It's About Time!

It occurs to us that the concept of time has become a significant dynamic in the college admissions process in recent years. Time measured in planning and dealing with deadlines has turned time into a version of the Mad Hatter’s tea party, where time loses its true reckoning. Which is to say that we have been thinking and talking a lot about time in relation to what has become a longer and more drawn out admissions process for most students, yet which starts earlier than ever to preoccupy the minds of both students and parents alike. When we begin discussions of college admissions with families today, one point we make (time and again) is that the process is going to begin earlier, and likely last longer, than students imagined, and than parents experienced if they went through the American college admissions process a generation ago.

The ever accelerating marketing efforts by colleges of all sizes and stripes has pushed the time line forward by encouraging students to apply on one of the many, and ever more confusing, early deadlines. Can a family, not to mention an experienced counselor, keep track of which colleges have Early Action, Restrictive Early Action, Early Decision I and II, priority early application plans, or “VIP” apps, let alone how these play out in the actual admissions selection process? One keeps ever expanding lists of deadlines and requirements, and must check websites constantly to stay up to date on options, but even then, students must decide on strategies.

There is a hurry up and wait dynamic at play here. We see more and more students and their families believing they need to apply on one early plan or another to enhance a student’s chances for acceptance. With a wink and a nod approach in many instances, admissions representatives are encouraging this belief. Yet in the final analysis a majority of applicants will be denied if not deemed qualified, deferred for later consideration if a potential admit in the larger pool, or in thousands of instances held on a wait list well into the end of the school year. This is the outcome of the hurry and wait dynamic. Time moves forward at an accelerating rate and then all too frequently is frozen for applicants like 6:00 at the Mad Hatter’s tea party.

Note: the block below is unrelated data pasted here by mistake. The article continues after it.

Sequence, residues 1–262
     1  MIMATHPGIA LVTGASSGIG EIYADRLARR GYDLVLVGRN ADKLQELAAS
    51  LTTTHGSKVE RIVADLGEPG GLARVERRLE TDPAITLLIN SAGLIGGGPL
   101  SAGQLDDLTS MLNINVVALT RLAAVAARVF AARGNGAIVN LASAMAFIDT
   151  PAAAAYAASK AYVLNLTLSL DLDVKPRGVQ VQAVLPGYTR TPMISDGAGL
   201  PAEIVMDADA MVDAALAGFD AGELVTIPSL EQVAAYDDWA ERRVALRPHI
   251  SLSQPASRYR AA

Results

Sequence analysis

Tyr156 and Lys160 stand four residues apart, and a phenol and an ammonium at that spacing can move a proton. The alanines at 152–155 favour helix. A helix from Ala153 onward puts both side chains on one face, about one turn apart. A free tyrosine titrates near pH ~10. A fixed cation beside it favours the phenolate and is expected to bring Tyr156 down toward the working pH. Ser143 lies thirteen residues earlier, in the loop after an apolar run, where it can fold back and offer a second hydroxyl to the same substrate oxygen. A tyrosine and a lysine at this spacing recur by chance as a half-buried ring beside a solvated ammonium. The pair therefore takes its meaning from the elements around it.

This effort not only to widen the funnel of the applicant pool, but also to stimulate students to commit earlier and earlier is typical of a majority of selective colleges these days, and this situation represents the conundrums and questions many families are bringing to the college counseling office, and to admissions information sessions. Advisors and admissions officers should be able to address admissions approaches among varying colleges, or how their institution, shapes its class.

Second, for counselors, we believe it is essential to help frame the “normal” college admissions calendar for families early in the process, and through senior year. No student or parent likes to hear in Junior year, or September of Senior year, that they should frame the college admissions process as one that is likely to last well into Senior Spring. However, they will thank you later for hearing that advice. If a student applies to a first choice college ED (after appropriate analysis and consideration) and is accepted, he or she will be thrilled. If the ED (or EA) decision is a deferral or denial, he or she will have been duly warned about the importance of completing other regular decision applications ahead of time, keeping up grades, and expressing appropriate continuing interest in the ED and other institutions. One can also point out the chance to compare multiple need- and/or merit-based financial offers once multiple colleges have offered admission in the Spring.

We try to approach all of this in as positive and reassuring a manner as possible. Having senior year to continue to show good grades, or improving grades when necessary, can really help a student who is on the borderline for admission to a college of strong interest. There are multiple test dates to take advantage of, as late as December or January, for an ACT, SAT, or Subject Test. There is a chance to secure another supportive recommendation letter from a senior year teacher. There is time to consider appropriate colleges and particular academic programs that will fit a student’s developing interests. Finally, we likely speak for many counselors when we recognize the importance of maturation in the college process, and the prevalence of changes in a student’s preferences from the beginning to the end of Senior year. Visits to campuses post-admission in April can be essential for students to confirm the kind of college experience they are looking for, and the particular colleges that is the best fit for them. Now is the time to remind students, whether Sophomores or Seniors, that time can be of great value to them in the college admissions process.

A version of this article appeared in CollegeBound Newsletter, October, 2015